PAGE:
A revolution in therapy or an online fad? Gen Z and Therapy apps
September 16, 2019
A 2018 study conducted for the American Psychological Association showed that Generation Z is the most likely of all generations to report experiencing poor mental health as well as most likely to seek help from a professional. These results can be interpreted in more than one way. On one hand, they might mean that mental health is declining and that this new generation is especially feeling the effects of societal worries such as gun violence, climate change, and a polarizing political climate. On the other hand, increased utilization of professional mental health services can be indicative of a decrease in the stigma surrounding the idea of seeking out such help. Gen Z’s have fewer reservations about utilizing mental health services and approach their mental wellbeing in proactive ways.
And like everything else these 22-year-olds and younger are up to, it makes sense that these services would start emerging on devices they are most familiar with. While telemedicine, where medical providers can offer care remotely, is an established sector of healthcare, apps such as BetterHelp, Talkspace, and 7 Cups are just a few of the new ways that one can have a conversation with a mental health professional all from the palm of their hand. Therapy apps, which are ways one can video chat or text a therapist to replace face-to-face appointments, are following a trend of other health and wellness related technologies that have had great success. Fitness trackers, calorie counters, and meditation apps are now almost commonplace on the average smartphone. With the health and digital worlds colliding, it makes sense that mental health treatment services are the next step.
August 1, 2018 – August 27, 2019 age trends by app
An analysis of 36,000 mentions over the last year shows that women drive 57% of the conversation about therapy apps. The conversation peaks for those between 19 to 24 years old. Apps 7 Cups and Moodpath are of particular interest to younger users, 13 to 18 years old, while popular app Talkspace is discussed primarily among millennials.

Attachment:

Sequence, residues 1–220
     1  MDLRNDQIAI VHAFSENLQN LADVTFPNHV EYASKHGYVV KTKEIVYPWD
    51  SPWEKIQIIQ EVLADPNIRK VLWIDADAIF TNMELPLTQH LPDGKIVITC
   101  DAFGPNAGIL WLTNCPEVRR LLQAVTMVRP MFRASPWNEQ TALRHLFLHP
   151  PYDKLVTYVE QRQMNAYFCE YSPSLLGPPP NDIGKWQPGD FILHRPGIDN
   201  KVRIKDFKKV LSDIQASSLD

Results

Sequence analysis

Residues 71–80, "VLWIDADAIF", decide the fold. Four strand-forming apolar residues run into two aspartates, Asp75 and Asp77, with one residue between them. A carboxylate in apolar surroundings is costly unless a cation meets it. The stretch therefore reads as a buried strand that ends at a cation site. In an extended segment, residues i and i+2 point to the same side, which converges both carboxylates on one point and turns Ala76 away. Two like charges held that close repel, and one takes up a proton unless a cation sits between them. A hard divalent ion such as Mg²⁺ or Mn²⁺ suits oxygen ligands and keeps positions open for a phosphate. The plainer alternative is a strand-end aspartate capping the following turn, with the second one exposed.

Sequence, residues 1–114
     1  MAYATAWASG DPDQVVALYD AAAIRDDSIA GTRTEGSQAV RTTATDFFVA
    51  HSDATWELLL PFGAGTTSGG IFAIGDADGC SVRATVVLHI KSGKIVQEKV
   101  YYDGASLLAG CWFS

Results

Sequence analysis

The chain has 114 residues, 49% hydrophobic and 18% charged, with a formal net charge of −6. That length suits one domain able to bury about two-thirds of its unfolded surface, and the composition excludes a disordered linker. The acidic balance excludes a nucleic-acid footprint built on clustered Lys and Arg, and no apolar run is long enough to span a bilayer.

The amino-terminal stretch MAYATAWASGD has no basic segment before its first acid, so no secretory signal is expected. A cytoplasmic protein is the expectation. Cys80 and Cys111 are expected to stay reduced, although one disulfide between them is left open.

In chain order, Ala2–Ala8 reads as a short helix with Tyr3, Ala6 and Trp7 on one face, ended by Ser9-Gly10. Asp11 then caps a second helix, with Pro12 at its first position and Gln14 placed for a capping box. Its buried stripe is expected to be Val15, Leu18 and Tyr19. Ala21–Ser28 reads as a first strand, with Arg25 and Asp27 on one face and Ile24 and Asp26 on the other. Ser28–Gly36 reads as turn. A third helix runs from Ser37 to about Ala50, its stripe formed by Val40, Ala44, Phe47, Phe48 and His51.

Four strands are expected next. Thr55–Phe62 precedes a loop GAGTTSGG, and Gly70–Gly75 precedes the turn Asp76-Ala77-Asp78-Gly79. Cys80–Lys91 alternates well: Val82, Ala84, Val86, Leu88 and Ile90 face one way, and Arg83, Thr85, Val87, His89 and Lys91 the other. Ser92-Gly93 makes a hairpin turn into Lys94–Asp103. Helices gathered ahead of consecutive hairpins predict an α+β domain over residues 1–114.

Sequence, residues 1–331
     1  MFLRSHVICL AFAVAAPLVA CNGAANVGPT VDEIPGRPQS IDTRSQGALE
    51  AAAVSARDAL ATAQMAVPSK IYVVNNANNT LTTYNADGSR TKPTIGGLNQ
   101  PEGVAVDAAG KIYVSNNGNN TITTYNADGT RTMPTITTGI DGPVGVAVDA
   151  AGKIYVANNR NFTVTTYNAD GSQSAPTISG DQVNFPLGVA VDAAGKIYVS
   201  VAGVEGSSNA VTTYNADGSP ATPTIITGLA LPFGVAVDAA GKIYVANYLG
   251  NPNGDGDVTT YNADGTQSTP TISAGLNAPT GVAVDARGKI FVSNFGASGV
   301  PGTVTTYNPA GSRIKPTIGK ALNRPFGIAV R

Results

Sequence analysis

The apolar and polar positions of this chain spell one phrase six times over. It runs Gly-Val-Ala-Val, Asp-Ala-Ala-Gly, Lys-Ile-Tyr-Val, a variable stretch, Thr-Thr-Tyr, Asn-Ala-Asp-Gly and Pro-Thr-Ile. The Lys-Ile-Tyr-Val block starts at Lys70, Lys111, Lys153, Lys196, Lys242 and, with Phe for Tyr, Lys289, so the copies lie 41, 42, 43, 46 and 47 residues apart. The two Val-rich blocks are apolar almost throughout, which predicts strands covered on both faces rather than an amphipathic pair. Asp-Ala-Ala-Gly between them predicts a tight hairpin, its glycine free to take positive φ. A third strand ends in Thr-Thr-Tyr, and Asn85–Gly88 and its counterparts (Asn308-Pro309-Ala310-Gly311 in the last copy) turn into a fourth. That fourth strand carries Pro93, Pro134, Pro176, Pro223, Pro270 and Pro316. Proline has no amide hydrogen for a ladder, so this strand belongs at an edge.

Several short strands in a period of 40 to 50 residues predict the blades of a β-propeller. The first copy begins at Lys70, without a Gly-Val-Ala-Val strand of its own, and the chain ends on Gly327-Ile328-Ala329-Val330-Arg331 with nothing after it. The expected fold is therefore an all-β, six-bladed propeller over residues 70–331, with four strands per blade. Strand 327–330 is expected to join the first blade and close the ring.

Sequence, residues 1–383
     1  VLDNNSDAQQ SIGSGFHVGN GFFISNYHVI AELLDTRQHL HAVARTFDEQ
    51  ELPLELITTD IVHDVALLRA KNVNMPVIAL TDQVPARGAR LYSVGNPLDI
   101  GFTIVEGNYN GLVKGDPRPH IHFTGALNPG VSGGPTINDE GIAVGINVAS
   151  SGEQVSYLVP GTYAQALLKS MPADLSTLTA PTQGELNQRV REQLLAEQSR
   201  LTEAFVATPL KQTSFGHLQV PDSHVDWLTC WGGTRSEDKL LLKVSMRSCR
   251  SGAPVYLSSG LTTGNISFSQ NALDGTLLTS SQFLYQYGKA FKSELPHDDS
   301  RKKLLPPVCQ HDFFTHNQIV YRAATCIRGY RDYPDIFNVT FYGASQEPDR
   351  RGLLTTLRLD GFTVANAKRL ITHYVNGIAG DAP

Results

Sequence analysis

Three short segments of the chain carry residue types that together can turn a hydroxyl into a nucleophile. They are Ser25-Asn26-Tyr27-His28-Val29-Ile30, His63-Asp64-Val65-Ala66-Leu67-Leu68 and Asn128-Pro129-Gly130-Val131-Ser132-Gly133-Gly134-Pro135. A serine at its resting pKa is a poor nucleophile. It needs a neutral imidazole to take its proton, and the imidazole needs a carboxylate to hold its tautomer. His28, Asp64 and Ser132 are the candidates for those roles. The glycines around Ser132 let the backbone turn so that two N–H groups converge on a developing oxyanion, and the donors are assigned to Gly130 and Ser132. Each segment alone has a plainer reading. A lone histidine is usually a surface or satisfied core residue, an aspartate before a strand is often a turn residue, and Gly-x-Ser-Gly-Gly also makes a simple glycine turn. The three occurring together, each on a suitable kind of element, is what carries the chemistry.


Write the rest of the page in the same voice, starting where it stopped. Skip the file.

It is evident from the conversation that advocacy and de-stigmatization around mental health are important for those engaging with mental health therapy apps. Popular hashtags here include, #FightTheStigma, #mentalhealthmatters, #therapyworks, and posts during May for #mentalhealthawarenessmonth.
Another theme that emerges within the conversation is holistic wellness. Popular hashtags used include #mindfulness, #selfcare, #selflove, #mentalwellness, and #meditation — indicating interest beyond just treatment for mental illnesses into broader wellness trends.
Hashtags like #teletherapy and #telementalhealth are most often used by counseling centers announcing offerings of online therapy services.
Top hashtags among mental health therapy app conversation
Of five popular therapy apps, Betterhelp and Talkspace received the most mentions. Of the 12,000 mentions of BetterHelp in the past year, a total of 65% appear to be promotional – referring to posts about advertisements and discounts for the app, coming from either the brand’s own channels or others. For Talkspace, 49% of the 11,500 posts are promotional.
August 1, 2018 – August 27, 2019 online mentions across platforms
And not all of the online attention was positive. Forty-three percent of posts about app BetterHelp had a negative sentiment.
Positive vs Negative post sentiment August 1, 2018 – August 27, 2019
During the past year, BetterHelp received negative attention online from those critiquing its use of social media influencers on Youtube to advertise their service. Youtubers are paid for each new subscription they bring to the service, and some feared this may have encouraged some misinformation to be spread about what the app can do compared to a face-to-face therapist, calling it a “therapy scam”. It’s worth noting that while the app claims to connect its users to licensed mental health professionals, they do not claim to make an official diagnosis nor do they prescribe medications through their app.
Are therapy apps then a convenient way to accommodate a growing population seeking mental health services — specifically one concerned with destigmatizing these services and focusing on holistic mental wellness? Do they offer a cost-effective alternative to those who do not have health insurance? Or do they run the risk of inappropriately replacing the vital face-to-face contact of traditional talk therapy?
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